Closed petition Fund adrenoleukodystrophy (ALD) screening for children at birth.

ALD is a rare, devastating terminal genetic condition, affecting 1:20,000. If not diagnosed from birth healthy boys can lose all function and die.

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ALD also causes Addison's disease which is easily treated with medication. If you don't know you have Addison's disease or ALD they can both be fatal.

It takes many months, even years to be diagnosed with ALD, then it is too late for treatment and these boys can end up in a vegetative state with death often occurring within two to four years. Boys who are known to have ALD will be put on a program of monitoring and treatment to save their lives. Knowing you have ALD from birth is essential for successful treatment.

Many families experience a sacrificial lamb scenario, having to lose one child to get a diagnosis for their other children.

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Government responded

This response was given on 2 June 2021

The UK National Screening Committee advises the Government on screening. It continually reviews the evidence for screening for adrenoleukodystrophy, and will publish its latest recommendation shortly.

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Adrenoleukodystrophy (ALD) is a devastating disease. The physical, mental and financial impacts affect both the individual but their families too. Screening can reduce mortality and morbidity by testing people in the population who appear healthy and have no symptoms by detecting conditions at an earlier, more treatable stage. However, it is important to note that screening programmes can do harm as well as good. Therefore, the decision to start and run a national screening programme is subject to the highest level of scientific and public scrutiny.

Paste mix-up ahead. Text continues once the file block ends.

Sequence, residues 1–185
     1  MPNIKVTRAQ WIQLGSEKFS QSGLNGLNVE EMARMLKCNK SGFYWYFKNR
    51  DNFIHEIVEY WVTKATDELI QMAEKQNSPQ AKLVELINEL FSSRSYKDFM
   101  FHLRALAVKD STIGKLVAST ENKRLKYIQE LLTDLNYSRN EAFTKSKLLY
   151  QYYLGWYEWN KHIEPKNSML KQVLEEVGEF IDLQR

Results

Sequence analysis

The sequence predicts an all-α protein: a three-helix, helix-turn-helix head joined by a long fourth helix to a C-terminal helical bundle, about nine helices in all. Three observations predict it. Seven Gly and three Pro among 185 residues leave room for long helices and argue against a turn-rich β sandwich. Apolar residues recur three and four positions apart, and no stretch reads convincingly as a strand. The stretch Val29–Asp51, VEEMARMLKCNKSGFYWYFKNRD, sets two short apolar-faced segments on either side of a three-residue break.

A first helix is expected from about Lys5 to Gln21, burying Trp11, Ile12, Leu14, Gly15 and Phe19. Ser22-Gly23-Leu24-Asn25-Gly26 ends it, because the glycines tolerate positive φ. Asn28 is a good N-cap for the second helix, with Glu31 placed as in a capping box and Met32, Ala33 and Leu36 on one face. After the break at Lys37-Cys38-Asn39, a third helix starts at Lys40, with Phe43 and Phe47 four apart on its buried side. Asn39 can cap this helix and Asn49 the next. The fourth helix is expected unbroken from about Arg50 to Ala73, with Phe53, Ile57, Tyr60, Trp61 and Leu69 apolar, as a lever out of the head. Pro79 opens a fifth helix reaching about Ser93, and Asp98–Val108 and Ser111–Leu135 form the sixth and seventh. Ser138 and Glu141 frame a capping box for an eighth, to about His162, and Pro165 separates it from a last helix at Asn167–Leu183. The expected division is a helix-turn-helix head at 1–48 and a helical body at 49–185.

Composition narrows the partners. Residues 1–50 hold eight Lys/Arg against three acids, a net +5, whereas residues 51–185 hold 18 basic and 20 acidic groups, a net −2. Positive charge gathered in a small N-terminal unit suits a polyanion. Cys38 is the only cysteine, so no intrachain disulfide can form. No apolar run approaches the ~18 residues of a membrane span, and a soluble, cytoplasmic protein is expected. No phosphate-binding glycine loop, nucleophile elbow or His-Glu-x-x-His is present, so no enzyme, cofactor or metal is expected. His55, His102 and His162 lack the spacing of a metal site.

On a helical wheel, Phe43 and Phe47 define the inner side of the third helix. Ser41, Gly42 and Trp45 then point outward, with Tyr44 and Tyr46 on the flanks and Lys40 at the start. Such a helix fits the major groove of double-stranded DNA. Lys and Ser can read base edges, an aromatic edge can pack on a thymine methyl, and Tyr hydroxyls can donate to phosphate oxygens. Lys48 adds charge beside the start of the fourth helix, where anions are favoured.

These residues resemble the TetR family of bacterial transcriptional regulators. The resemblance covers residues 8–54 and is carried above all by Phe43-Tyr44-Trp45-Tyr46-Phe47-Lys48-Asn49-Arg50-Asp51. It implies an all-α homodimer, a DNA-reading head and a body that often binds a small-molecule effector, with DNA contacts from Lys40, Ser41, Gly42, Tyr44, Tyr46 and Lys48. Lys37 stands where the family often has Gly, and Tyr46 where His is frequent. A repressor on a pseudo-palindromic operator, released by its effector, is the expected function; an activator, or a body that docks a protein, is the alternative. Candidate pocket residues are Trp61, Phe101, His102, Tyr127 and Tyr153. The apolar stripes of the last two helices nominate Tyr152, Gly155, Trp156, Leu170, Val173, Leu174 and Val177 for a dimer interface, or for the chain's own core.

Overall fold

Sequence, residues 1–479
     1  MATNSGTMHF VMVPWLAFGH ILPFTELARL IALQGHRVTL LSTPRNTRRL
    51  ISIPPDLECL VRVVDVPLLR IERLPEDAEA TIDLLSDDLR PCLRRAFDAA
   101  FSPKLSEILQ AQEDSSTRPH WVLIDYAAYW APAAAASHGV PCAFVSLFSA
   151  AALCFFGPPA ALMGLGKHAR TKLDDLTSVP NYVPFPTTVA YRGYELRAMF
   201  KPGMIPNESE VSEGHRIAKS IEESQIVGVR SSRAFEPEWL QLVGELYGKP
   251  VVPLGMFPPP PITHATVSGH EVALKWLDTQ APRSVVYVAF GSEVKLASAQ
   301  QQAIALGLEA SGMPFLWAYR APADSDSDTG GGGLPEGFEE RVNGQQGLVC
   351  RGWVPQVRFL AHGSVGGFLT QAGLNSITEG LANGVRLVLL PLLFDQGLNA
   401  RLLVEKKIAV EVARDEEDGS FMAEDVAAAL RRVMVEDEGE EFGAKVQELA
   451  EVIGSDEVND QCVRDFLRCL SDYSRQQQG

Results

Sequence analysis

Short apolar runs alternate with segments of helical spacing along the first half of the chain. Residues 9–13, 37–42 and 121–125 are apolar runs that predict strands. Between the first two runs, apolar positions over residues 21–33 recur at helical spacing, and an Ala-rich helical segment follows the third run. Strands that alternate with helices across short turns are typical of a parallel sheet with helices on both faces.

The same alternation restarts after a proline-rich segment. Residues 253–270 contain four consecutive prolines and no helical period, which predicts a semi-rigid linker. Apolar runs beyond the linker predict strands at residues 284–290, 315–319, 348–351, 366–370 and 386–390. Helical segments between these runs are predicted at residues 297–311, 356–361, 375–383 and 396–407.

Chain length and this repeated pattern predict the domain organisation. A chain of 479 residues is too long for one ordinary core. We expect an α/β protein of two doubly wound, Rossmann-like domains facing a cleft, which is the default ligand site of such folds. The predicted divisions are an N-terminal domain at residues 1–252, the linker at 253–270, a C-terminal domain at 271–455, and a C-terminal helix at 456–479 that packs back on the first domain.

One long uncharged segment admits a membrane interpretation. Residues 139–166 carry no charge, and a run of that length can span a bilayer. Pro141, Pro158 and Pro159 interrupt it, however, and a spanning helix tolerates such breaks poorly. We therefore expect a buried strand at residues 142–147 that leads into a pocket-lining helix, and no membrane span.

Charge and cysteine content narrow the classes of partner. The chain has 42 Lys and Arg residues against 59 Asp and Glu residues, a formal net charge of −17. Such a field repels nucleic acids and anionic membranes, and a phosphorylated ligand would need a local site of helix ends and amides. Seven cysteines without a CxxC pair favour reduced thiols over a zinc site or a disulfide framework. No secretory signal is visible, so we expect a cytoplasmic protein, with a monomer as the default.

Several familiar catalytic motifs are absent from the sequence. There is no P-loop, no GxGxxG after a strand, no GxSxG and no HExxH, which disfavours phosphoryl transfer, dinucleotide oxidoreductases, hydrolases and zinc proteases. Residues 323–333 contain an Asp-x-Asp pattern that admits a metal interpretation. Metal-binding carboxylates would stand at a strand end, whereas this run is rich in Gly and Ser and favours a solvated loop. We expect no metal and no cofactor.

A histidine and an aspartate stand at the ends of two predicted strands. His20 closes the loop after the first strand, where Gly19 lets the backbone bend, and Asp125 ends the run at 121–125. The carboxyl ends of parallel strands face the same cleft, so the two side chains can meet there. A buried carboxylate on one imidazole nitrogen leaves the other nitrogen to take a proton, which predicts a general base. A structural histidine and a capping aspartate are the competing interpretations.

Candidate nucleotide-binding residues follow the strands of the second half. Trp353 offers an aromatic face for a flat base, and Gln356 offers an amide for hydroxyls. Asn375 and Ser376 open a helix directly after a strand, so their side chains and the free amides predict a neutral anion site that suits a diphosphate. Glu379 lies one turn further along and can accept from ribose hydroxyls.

The UK Government and the NHS rely on the expert advice of the UK National Screening Committee (UK NSC) for all aspects of population screening. The UK NSC makes its recommendations based on internationally recognised criteria and a rigorous evidence review process with any new proposals, like that for ALD, being carefully considered by experts and then put out to public consultation before being implemented. Conditions are reviewed against evidence review criteria according to the UK NSC’s evidence review process.

These criteria include consideration of whether there are accurate tests for the condition, whether screening helps improve health outcomes, and how well clinical detection and management are implemented. More information about the UK NSC’s evidence review process and criteria can be found online:

ALD was added to UKNSCs list of recommendations to review in 2017 following an annual public call for topics and has continually been reviewed since. A public consultation on screening for ALD closed on 5 January 2021, and the updated document and consultation comments were considered at the UK NSC meeting in March 2021. The minutes from this meeting containing the UK NSC’s latest recommendation will be published once finalised and will be available here:

You can read more about the work of the UK NSC and their recommendations at their website:

Department of Health and Social Care